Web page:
“That’s one of the big problems is, people make that big leap, that they think, ‘Oh,’ right away, ‘it’s two groups of minorities. Must be gang related.’ A lot of these kids have been in Dubuque for a long time,” Dalsing said.

As of Monday evening, county prosecutors have not filed any charges, nor have police arrested anybody or even named any suspects.

Dubuque police said there are several people who know specifically what happened in this incident and who is responsible. While a number of these people have been identified, police say there are still a number of people who have yet to come forward. Police said they “want to emphasize how incredible important it is for those with information to come forward.”

On Oct. 25, 2012, KWWL reported that community members with Dubuque’s Washington Neighborhood had established a fund in Barber Jr.’s name.

Laurie Bartolotta, one of the group’s members, told KWWL the community had done so “with sincere sympathy and with the hope that we will not ever have another tragedy like this happen again again in our neighborhood.”

Investigators confident “know what happened”

In a KWWL Channel 7 report airing Oct. 8, 2013, Assistant Dubuque police chief Terry Tobin said investigators are confident they know what happened — and know the people involved in the shooting — but nobody has been willing to talk so far.

Marlon Barber Jr. (courtesy KWWL)

Marlon Barber Jr. (courtesy KWWL)

“It’s one thing to potentially know the facts of the case or what happened. It’s another thing to prove it beyond a reasonable doubt,” Tobin said. “Our issues on that case are the lack of people willing to come in and officially provide that information or be willing to stand up and acknowledge that the information that they have is out there and that it’s accurate and that it would help us to build a case.”

Lt. Scott Baxter echoed Tobin’s thoughts, saying investigators are still working on the case but have been hindered by a lack of cooperation by “people holding pivotal information.”

City council member Sutton called upon people to provide information.

Group draws attention back to unsolved cases

Margreet Ryan and David Becker are on the Social Justice Committee of the parishes of St. Raphael Cathedral and St. Patrick’s Church in Dubuque, and on Oct. 19, 2013, held a ceremony in Jackson Park to remember the victims of unsolved homicides and missing persons cases. The group also wanted to show support for victims’ family members.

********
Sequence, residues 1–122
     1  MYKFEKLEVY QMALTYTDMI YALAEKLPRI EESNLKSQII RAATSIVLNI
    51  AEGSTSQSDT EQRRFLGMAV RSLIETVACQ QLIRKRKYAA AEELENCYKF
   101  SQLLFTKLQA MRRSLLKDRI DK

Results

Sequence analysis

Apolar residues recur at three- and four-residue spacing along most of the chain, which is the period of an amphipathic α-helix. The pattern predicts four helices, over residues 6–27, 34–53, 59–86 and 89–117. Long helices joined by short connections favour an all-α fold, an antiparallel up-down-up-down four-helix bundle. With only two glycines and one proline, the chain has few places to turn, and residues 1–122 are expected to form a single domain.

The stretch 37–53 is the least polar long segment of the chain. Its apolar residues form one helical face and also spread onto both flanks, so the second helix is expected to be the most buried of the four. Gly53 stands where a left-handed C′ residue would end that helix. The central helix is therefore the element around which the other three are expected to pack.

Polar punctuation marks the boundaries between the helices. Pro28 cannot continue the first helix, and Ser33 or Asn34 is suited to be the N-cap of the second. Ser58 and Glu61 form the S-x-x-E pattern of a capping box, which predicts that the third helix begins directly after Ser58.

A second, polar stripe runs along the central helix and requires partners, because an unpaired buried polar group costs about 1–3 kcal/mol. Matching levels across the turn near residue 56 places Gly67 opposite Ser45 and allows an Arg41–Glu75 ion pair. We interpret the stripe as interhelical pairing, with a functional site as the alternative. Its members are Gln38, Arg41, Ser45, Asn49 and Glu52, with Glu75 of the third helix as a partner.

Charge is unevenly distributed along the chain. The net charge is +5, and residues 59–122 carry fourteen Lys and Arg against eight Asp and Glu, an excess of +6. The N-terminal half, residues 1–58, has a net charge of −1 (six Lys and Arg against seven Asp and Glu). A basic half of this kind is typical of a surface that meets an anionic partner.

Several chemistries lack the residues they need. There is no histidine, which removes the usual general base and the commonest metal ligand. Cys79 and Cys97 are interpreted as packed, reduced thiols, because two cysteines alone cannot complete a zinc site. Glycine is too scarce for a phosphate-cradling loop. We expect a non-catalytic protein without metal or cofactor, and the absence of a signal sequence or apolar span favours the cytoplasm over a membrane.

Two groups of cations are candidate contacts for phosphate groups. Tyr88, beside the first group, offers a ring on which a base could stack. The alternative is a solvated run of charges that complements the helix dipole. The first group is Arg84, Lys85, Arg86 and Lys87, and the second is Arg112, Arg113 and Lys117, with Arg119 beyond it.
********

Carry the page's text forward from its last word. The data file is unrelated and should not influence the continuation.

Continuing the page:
“It’s difficult to talk about your grief, and these people must be grieving so, so severely, and where do they go with all of this, you know?” Ryan said in a KWWL interview that aired Oct. 19, 2013. “This has been a history of 50 years of unresolved homicides and missing persons.”

The Oct. 19 event formally recognized the 12 unsolved homicide and missing person cases the committee could find, though they said there are likely more than that.

Members planned the ceremony around the one-year anniversary of Marlon Barber Jr.’s unsolved homicide.

“We said, ‘Well, maybe there’s other unsolved murder and missing people,’ so we found out there was,” Becker said.

In addition to Marlon Barber Jr., the public remembrance ceremony honored the following victims:

  • Francis Rafferty, killed in a 1964 home invasion.
  • Sherrie and Victoria Martin, young sisters who were burned alive in an unsolved 1965 case of arson.
  • Kenneth Bouzard, beaten to death near the railroad tracks in 1971.
  • Jackie Shireman, stabbed 30 times with a pair of scissors in 1975.
  • Patrician Spahn, who went missing from East Dubuque, Ill., in 1975.
  • Theodore Hoerstman, missing since December 1982.
  • 14-year-old Kenny Joe Johnson, discovered in 1987 in Dubuque. An autopsy revealed he’d been sexually assaulted and strangled to death.
  • Paul Knockel, who went missing in 1990 on Thanksgiving.
  • 20-year-old Crystal Arensdorf, who disappeared July 4, 2001.
  • Amy Luce, who went missing in July 2012.

“These cases can go for years and years, and all of a sudden something comes forward to the police or to other authorities and that’s the bit of information that cracks the case open and allows for the case to be solved and to be cleared,” Tobin said.